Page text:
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Nearly 50 Killed in Kashmir Attacks

August 2, 2000

SRINAGAR, India (AP) _ Suspected Islamic guerrillas killed nearly 50 people in two separate attacks in India’s troubled Kashmir, authorities said Wednesday.

In the latest violence, the attackers raided a village late Tuesday in the Anantnag area of central Kashmir, lining up and shooting to death 18 men, the Press Trust of India reported.

Those killed were workers at a brick factory who had migrated from other Indian states for work, the agency said.

That bloodshed came hours after 30 unarmed Hindu pilgrims and Muslims porters were killed by the suspected rebels as the group made its way to a religious shrine in the disputed state.

There were no immediate claims of responsibility for either attack. But police said they suspected Islamic guerrillas who oppose a Kashmir cease-fire and are fighting for the region’s independence. It also wasn’t known if the violence was the work of a single group. More than a dozen rebel bands are fighting in Kashmir.

The attacks came as the federal government in New Delhi prepared to talk to the main guerrilla group in Kashmir, which has been wracked by an Islamic insurgency for 11 years.

``It’s an attempt to sabotage the peace process set in motion,″ Chief Minister Farooq Abdullah, the highest elected official in Kashmir, said following the earlier attack. He said the militants were trying to create confusion at a time when ``a silver lining has started to appear in the dark clouds of violence.″

Abdullah and the federal government have been trying to negotiate with guerrilla groups, notably the Hezb-ul-Mujahedeen outfit, which announced a unilateral cease-fire Monday.

The earlier attack came at a makeshift shack near the Ardoo Bridge on the outskirts of town as the pilgrims were eating dinner, Press Trust of India news agency reported.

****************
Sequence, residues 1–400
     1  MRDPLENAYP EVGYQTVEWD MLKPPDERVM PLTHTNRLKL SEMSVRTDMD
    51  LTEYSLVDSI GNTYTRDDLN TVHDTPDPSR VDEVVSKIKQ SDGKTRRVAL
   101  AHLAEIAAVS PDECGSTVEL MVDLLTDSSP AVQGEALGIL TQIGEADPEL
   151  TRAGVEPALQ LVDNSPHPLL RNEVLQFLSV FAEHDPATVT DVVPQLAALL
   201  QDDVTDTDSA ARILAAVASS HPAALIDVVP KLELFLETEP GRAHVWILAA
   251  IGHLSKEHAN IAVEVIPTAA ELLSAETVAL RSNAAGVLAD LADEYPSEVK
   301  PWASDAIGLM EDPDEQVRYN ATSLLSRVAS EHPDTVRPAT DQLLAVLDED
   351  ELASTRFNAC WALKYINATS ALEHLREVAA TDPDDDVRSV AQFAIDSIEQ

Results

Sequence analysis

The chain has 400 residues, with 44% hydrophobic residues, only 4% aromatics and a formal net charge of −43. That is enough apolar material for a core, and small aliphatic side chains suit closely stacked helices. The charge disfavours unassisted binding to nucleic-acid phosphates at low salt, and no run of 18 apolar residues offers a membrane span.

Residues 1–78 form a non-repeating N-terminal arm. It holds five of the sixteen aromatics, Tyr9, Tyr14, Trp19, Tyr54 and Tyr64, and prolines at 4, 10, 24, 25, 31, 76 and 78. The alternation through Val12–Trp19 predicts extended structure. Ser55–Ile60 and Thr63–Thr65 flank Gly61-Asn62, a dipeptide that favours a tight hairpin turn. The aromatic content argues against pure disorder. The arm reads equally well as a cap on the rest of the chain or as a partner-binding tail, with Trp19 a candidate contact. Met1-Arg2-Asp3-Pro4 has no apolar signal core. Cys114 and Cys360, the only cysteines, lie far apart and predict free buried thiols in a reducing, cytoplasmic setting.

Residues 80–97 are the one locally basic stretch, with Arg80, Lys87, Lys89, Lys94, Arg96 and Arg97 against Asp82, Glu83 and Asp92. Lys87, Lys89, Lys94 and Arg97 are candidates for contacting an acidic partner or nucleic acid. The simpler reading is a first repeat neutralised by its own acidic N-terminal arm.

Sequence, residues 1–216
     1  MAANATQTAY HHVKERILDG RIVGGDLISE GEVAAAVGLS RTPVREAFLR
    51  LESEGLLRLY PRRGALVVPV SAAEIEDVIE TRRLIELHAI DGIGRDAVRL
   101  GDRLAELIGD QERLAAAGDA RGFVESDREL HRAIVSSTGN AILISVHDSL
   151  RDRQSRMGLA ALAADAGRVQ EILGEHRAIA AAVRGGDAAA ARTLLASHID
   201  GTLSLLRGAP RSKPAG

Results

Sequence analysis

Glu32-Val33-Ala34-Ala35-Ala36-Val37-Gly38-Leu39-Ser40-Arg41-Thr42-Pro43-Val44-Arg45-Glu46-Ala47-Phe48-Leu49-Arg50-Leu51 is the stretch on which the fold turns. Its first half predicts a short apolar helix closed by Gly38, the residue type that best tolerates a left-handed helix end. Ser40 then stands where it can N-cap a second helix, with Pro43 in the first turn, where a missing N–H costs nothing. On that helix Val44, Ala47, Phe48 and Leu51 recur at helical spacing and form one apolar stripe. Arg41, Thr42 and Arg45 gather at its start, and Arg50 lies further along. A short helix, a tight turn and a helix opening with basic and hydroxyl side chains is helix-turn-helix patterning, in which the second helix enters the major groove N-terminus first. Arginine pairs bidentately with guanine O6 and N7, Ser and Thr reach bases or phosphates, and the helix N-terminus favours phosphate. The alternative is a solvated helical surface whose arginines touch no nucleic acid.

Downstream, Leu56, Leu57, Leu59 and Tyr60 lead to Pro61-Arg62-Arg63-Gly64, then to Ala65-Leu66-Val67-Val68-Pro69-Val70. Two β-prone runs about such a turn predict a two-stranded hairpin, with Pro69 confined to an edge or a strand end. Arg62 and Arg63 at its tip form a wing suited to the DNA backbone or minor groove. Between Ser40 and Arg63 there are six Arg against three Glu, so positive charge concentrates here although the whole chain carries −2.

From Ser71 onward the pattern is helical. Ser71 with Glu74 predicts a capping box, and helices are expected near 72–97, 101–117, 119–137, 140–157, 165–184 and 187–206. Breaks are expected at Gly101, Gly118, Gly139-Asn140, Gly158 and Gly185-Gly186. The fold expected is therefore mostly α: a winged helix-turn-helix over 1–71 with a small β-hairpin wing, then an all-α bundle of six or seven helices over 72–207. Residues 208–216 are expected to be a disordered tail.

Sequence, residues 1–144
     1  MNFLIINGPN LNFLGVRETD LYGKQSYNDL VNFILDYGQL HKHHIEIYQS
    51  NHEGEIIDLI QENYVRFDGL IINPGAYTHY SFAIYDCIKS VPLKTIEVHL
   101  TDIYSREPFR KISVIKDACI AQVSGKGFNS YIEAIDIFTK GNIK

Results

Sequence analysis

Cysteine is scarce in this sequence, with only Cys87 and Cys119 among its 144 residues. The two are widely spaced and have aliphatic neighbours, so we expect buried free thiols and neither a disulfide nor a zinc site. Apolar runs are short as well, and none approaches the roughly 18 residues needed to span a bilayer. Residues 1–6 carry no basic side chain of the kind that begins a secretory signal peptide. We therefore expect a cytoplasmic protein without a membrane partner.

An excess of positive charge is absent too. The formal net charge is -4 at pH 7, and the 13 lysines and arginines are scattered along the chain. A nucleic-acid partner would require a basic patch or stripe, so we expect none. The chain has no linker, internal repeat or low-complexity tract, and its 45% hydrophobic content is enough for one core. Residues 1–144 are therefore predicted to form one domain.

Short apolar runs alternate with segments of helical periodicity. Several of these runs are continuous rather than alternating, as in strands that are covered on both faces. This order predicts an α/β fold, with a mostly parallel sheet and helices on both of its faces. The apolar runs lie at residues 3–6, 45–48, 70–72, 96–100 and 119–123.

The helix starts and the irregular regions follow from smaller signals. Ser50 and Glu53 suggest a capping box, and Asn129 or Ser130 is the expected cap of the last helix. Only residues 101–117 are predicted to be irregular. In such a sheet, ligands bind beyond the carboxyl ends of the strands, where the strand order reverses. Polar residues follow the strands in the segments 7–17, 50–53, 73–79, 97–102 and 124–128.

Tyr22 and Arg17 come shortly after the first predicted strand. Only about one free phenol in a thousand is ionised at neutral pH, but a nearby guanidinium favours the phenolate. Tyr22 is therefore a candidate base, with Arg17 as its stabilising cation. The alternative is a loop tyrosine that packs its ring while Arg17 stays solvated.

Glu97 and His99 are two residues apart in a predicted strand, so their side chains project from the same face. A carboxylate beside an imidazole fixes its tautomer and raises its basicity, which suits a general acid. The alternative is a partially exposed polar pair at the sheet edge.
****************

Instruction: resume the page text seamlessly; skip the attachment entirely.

``First there were some gunshots. ... Soon the security forces also began firing, said Muzaffar Wani, a Muslim businessman who was on the pilgrimage and was hospitalized. ``It was chaotic. We couldn’t see who was firing at us.″

Security forces and police fired back at the gunmen, who fled under cover of darkness, said police and army officials reached by telephone. Two militants and a policeman were among those killed, Kulbushan Jandiyal, director of information of the state government, told The Associated Press.

The pilgrims had been walking to Amarnath Cave, a religious site for Hindus in the mountains that takes two days to reach. The government provides extensive security for pilgrims because of threats from separatists.

Army soldiers and paramilitary soldiers fanned out across the mountains to search for the assailants.

Some 20,000 pilgrims are camping in tents and hotels in Pahalgam, where they begin a 30-mile trek into the mountains.

Many of those killed were porters and men hired to ferry pilgrims on their horses. Most of those hired are Muslim.

Two-thirds of Kashmir is controlled by India and the rest by Pakistan. More than a dozen guerrilla groups have been fighting security forces to make Kashmir independent.

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